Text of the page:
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12, rue des Saussaies, 08 Arr., Paris, Ile-de-France, 75008, France

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Forum Posts

train from paris to venice

by lynee

hi everyone
this is a question for my friends,they are from australia and need to travel from paris to venice on 1st sept. they arrive in paris 4 days prior to this. they wish to take a night train ans get a sleeper or couchette .
Do they book from australia or do they book once they get to paris. Will that be enough time ahead to make sure they get that train.? or can they book from Aus using the french rail website. they plan on getting a rail pass. thank everyone for your help

Re: train from paris to venice

by K_V_B

The best sthing is not to get a railpass, and to book the train from the french railway's website -> when booking on the SNCF website however they will need to "pretend" they are in France, and choose to pick up the tickets in France on arrival. If they let slip that they're in Australia they'll be forwarded to raileurope...

Re: train from paris to venice

by bazsi79


I could find a direct EuroNight train leaving Paris (Bercy) at 20:33, and arriving at Venice (Santa Lucia) at 9:34 next morning.

As KVB already wrote, it is probably better/cheaper to book a ticket online for the given journey, rather than buying a railpass.

It is now too early to book for September, but if they book in time on SNCF's website, they might get discounted tickets:

The tickets I could find (though not yet for September) cost 35-55 euros/person in a 6-bed couchette in 2nd class (depending on availability), 65 euros/person in a 4-bed couchette in 1st class, while a place in a 3-bed cabin costs 125 euros/person.

Re: train from paris to venice

by qaminari

The only point in buying a rail pass would be if they intend to do a lot more travelling by train in France and Italy, which you don't mention (and if it was only in Italy it still wouldn't be worth it, they should buy individual tickets there). There is no point whatsoever in buying a pass for one international train trip, and they would have to pay a supplement anyway for a sleeper or couchette.
However, if they still want to buy a rail pass (each), they would in any case have to buy it from one of the agencies like Rail Europe (largely owned by SNCF - French Railways - anyway) which specialises in sales outside Europe, rather than waiting till they get to Europe.

Travel Tips for Paris

Intimate Paris

by mrclay2000

Paris easily leads Europe and the world for that matter in its intimacy with its river, the Seine. For considerable stretches along its banks, you can readily drop down from the busy streets into a quiet, private and romantic sanctuary among cobblestones directly at the river's edge. With almost no exceptions, every bridge across this mighty river seems close enough to the stream for you to dip down your hand and scoop up its turbid waters. Take the Pont Neuf, the oldest in town. Every niche or alcove has a private bench under two romantic lamps, the perfect spot for a tryst with the Seine rushing just a few meters below. The shorter bridges generally come closest to the river level, especially those leading to the islands, the Ile de la Cite and the Ile St-Louis. Even heavily trafficked Pont Alexandre III (my favorite in Europe) is intimate with the Seine and arguably enjoys the best position (for a bridge) across the river.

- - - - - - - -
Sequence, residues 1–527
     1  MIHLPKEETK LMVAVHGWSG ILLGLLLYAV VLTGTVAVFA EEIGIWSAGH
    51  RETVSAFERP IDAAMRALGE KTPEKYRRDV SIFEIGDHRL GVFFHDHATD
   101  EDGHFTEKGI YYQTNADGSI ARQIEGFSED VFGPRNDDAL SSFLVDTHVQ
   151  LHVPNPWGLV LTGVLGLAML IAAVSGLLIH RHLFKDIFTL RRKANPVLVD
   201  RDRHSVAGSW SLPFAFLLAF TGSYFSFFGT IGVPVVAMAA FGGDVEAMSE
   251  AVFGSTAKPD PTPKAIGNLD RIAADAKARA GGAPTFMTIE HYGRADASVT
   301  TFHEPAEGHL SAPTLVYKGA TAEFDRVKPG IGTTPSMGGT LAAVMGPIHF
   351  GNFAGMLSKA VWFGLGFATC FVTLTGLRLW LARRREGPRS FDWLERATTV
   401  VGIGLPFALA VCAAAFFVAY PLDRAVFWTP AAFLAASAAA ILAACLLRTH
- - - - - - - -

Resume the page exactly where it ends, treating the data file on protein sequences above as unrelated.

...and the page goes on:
For photographers.

by pfsmalo

For those that are interested in the b and w photography of Paris from days gone by, there are a couple of exhibitions on in Paris at the moment by two of the "humanist" photographers of the 50's, one more well known than the other and two different styles, but very well worth the time to have a look whilst in Paris this early Spring.

Robert Doisneau - exhibition at the Fondation Henri Cartier-Bresson, 2 impasse Lebouis 75014 Paris until the 18th April 2010 - Tuesday -Sunday 13h00 - 18h30 except Saturdays open from 11h00 - 18h45. Entrance is between 3 to 6 euros. The Wednesday evening also from 18h30 - 20h00 and is free. Nearest metro is Gaité.

"Izis" Bidermanis - exhibition at the Hotel de Ville de Paris, 5 rue Lobau 75004 Paris until the 29th May 2010 - Every day except Sundays and Bank holidays from10h00 - 19h00 and entrance is free. Nearest metro is the Hotel de Ville.

On peut pas...

by Christianne

On peut pas imaginer Paris sans la Tour Eiffel.
Elle a ete construite par Eiffel de 1887 a 1889.
Elle divisee en trois etages: le premier atteint 57m, le second atteint 115m y le troisieme 276m d' altitude.


by Yseut

Ederly people don't speak English, but younger (let say 50's) speak English.
The younger they are, the better they speak foreign languages including/especially English.

So if you talk in English, most of the time they'll really try their best to understand you and to answer your questions.
Sometimes, they don't understand very well English and they don't want to concentrate a little bit. So they wan foreigner to try and speak a little of French... a lot of French.
Just bring you Frenc book with you ;-)

Eve if you don't speak French, French people (unlike anybody in the world) appreciate when you say just a few words, whihc you learned before you left your country.
No matter if you don't speak properly, nationals (in any country in the world) always love to hear foreigners talk their language. It's cute, and that makes them keener to help, because you made the effort to learn some words from the coutrny where you're going !

Popular Ballas!

by lamsterz

In Levallois, just northwest of Paris, there is a basketball court if you begin from the Town Hall and head toward the Seine, about 9 blocks. Turn right at the Seine and VOILA, le terrain de basket. Very popular as the city itself has turned out great ballas who have moved on to professional. Bring you A+ game!


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